Sexually Transmitted Diseases

Skip Navigation LinksHome > August 2009 - Volume 36 - Issue 8 > High Performance and Acceptability of Self-Collected Rectal...
Sexually Transmitted Diseases:
doi: 10.1097/OLQ.0b013e3181a44b8c
Articles

High Performance and Acceptability of Self-Collected Rectal Swabs for Diagnosis of Chlamydia trachomatis and Neisseria gonorrhoeae in Men Who Have Sex With Men and Women

van der Helm, Jannie J. MSC*; Hoebe, Christian J. P. A. MD, PHD†‡; van Rooijen, Martijn S. MSC*; Brouwers, Elfi E. H. G. MSC†‡; Fennema, Han S. A. MD, PHD§; Thiesbrummel, Harold F. J. MD*; Dukers-Muijrers, Nicole H. T. M. PHD*†‡

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Abstract

Background: Identification of sexually transmitted infections (STI) is limited by the infrequent assessment of rectal STI. This study assesses usability of self-collected rectal swabs (SRS) in diagnosing rectal Chlamydia trachomatis (CT) and Neisseria gonorrhoeae (NG).

Methods: In 2006 to 2007, clients of the Amsterdam and South Limburg STI outpatient clinics reporting receptive anal intercourse were asked to fill out a questionnaire and provide SRS. A standard provider-collected rectal swab (PRS) was also taken, and both were tested for CT and NG by a nucleic acid amplification tests. SRS performance was compared with PRS as to agreement, sensitivity, and specificity.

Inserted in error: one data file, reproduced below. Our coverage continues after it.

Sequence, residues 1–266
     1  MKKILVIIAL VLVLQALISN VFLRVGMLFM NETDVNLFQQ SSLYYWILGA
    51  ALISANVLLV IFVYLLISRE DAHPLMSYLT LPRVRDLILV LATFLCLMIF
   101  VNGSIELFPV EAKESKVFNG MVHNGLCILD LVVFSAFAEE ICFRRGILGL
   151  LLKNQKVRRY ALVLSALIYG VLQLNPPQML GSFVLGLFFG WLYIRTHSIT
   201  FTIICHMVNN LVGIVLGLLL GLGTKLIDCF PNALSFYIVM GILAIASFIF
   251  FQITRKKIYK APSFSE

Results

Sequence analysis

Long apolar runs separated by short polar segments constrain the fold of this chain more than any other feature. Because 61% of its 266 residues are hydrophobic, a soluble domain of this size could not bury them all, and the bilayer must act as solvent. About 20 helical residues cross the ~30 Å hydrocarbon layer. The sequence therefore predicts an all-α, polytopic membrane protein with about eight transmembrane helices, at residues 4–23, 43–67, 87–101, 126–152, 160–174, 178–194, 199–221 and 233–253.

Results: Prevalence of rectal CT was 11% among the 1458 MSM and 9% among the 936 women. Rectal NG prevalence was 7% and 2%. In 98% of both MSM and women, SRS and PRS yielded concordant CT test results, for NG agreement was 98% for MSM and 99.4% for women. SRS performance for CT and NG diagnosis was good in both groups and was comparable for both study regions. Slightly more (57% of MSM, 62% of women) preferred SRS to PRS or had no preference; 97% would visit the STI clinic again if SRS was standard practice.

Conclusions: Because anal sex is a common practice for MSM and women, and anal STI are frequently present, rectal screening should be an essential part of an STI consultation. SRS is a feasible, valid, and acceptable alternative for MSM and women attending STI clinics, and hence should be considered for other settings as well.

© Copyright 2009 American Sexually Transmitted Diseases Association

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